MXRF allows spatial resolution of analysis. To perform it with sufficient intensity in the laboratory with X-ray tubes, special optics should be applied such as capillaries. Using capillaries, X-ray tube excitation with SR allows much higher intensities, and so lower detection limits can be obtained. Applications range from microelectronics and plating thickness,

Figure 2 Spectrum of lichen sample. Pressed pellet, measured with a standard EDXRF spectrometer, Rh tube 30 kV, 0.2 mA, 500 s, Pd filter, Si(Li) detector; concentration values of respective elements given in µg g−1.

maps of bone cross-sections, superconductor films, human hair, pig heart muscles, metal alloys, leaves, chinaware, environmental particles, tree rings and glass fragments. Medicine

In vivo measurements as well as in situ measurements and analysis of malignant cells, as well as tissue sampling have been performed. In vivo measurements started with the determination of iodine in the thyroid and range from Cd in liver and kidney and Pt in kidneys and tumours, to Hg in the wrists and skulls of dentists, Pb in various near-surface bones, Cu in the eye and Fe in the skin. For the in vivo measurements, the use of polarized radiation offers big advantages. Hg and Pb can be analysed by their K-radiation thus giving information from even deeper tissues. Also, the analysis of biopsy samples, whole blood and blood serum (Se) can be performed using EDXRF. Trace element content in malignant and benign tissues was investigated, as well as lung tissue from different factory workers, showing different elements at higher concentrations corresponding to their profession. Various body fluids were analysed, and correlation between trace element content and diseases found. EDXRF, TXRF and SRXRF were used, depending on the task. TXRF applications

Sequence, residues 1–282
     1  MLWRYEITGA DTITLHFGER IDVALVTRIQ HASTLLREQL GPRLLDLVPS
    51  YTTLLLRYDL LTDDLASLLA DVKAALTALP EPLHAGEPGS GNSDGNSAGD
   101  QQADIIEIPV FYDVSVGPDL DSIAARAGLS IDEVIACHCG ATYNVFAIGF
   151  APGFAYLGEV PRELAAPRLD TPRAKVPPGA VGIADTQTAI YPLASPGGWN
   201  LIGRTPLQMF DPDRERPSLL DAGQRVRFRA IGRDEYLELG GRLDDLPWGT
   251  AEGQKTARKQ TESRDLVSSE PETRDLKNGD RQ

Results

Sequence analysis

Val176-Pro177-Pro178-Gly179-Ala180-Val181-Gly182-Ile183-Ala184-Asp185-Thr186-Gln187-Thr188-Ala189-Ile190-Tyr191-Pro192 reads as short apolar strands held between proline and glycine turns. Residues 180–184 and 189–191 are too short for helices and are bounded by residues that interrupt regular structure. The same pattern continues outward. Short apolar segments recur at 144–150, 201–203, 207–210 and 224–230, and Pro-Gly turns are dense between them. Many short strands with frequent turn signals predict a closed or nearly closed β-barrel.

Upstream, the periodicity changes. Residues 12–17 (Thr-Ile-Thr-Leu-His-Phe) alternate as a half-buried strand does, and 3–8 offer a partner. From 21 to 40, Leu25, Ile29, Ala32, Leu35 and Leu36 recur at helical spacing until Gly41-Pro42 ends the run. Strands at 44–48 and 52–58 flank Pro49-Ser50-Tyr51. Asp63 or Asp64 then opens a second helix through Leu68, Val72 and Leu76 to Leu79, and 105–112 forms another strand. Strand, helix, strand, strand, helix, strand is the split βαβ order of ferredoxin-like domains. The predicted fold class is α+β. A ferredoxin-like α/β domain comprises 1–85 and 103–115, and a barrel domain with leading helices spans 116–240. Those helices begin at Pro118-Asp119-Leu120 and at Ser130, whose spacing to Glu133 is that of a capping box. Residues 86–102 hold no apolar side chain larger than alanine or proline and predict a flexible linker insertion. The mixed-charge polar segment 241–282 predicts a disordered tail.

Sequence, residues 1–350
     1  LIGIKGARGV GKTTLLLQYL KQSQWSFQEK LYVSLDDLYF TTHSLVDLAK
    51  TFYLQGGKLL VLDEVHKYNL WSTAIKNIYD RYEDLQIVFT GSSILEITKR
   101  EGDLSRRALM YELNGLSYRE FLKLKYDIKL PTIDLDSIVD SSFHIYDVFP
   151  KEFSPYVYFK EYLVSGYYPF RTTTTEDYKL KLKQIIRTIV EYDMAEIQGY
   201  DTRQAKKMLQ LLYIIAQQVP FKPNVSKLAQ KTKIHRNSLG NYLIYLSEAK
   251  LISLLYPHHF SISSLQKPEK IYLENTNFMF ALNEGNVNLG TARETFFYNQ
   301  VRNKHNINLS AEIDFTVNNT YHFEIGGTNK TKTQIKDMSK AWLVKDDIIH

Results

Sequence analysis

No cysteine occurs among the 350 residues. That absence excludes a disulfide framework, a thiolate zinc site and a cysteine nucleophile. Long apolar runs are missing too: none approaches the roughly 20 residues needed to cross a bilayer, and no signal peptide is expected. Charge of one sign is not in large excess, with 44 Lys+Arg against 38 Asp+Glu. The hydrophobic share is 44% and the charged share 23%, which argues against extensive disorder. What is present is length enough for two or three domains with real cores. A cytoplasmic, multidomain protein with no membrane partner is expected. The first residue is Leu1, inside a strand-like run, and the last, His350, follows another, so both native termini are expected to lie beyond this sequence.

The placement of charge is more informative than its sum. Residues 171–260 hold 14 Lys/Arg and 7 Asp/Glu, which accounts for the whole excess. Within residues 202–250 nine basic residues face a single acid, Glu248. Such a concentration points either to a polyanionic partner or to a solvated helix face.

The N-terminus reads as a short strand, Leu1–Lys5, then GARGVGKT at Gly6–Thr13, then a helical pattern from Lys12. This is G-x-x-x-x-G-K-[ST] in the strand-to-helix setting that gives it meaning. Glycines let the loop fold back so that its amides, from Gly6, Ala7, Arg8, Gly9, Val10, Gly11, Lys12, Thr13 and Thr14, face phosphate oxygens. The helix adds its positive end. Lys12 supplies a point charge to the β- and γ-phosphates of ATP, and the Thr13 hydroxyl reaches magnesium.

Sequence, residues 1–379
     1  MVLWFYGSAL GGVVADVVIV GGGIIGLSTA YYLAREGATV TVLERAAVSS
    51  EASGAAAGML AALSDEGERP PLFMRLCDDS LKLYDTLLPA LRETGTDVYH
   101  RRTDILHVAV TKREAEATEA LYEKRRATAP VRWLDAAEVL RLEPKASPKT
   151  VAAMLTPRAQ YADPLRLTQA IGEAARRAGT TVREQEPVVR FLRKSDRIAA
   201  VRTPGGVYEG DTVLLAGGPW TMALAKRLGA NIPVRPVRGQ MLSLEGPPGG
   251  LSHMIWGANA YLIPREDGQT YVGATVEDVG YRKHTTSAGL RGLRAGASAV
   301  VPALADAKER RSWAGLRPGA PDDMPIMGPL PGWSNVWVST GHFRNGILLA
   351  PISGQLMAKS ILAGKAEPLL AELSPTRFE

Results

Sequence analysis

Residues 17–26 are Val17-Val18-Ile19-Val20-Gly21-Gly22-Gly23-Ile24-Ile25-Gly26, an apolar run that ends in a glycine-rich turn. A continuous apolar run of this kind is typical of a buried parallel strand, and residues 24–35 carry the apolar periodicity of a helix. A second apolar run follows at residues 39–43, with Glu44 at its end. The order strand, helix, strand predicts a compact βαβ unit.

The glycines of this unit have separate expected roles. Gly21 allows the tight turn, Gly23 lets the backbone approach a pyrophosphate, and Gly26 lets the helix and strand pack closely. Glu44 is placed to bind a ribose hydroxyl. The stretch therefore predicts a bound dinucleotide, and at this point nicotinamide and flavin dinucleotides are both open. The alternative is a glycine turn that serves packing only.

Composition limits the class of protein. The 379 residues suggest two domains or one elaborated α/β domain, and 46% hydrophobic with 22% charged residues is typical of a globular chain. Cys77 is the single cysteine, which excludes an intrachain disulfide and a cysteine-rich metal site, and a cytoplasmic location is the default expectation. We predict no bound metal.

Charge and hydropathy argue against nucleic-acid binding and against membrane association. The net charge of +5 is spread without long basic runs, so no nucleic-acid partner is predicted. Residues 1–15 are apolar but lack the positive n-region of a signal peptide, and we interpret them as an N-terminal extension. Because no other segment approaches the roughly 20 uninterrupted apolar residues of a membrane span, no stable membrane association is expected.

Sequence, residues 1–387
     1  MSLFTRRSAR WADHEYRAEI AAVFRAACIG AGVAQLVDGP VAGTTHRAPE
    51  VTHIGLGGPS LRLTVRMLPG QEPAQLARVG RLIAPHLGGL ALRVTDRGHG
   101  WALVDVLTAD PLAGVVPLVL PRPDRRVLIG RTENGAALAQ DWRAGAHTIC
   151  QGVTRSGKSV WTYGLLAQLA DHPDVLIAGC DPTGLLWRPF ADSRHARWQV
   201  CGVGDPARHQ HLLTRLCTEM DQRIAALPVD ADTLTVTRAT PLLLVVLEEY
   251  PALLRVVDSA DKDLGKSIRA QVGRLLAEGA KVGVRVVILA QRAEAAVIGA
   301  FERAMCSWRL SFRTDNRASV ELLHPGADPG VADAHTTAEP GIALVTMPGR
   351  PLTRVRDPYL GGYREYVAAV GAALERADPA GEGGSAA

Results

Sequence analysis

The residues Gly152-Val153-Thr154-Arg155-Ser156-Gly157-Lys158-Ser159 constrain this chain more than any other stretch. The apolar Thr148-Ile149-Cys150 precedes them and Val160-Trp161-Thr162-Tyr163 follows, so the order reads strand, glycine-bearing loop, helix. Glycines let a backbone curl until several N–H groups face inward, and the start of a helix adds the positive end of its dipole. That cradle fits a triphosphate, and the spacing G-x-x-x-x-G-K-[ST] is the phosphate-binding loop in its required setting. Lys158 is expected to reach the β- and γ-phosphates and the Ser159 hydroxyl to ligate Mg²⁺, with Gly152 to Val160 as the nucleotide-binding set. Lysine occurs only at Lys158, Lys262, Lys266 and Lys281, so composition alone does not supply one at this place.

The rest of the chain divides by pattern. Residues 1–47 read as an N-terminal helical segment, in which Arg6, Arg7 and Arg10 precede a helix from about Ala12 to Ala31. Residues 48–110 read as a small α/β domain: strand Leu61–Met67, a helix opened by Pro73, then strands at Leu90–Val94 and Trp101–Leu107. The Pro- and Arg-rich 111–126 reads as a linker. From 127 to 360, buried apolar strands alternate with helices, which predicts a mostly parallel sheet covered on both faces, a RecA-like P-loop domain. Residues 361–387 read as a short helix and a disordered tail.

TXRF extends EDXRF to a method for trace and ultratrace element analysis. A special feature is the small sample amount required, which is in the range µg–ng of a solid material and less than 100–10 µL of a liquid. Therefore, TXRF is a microanalysis method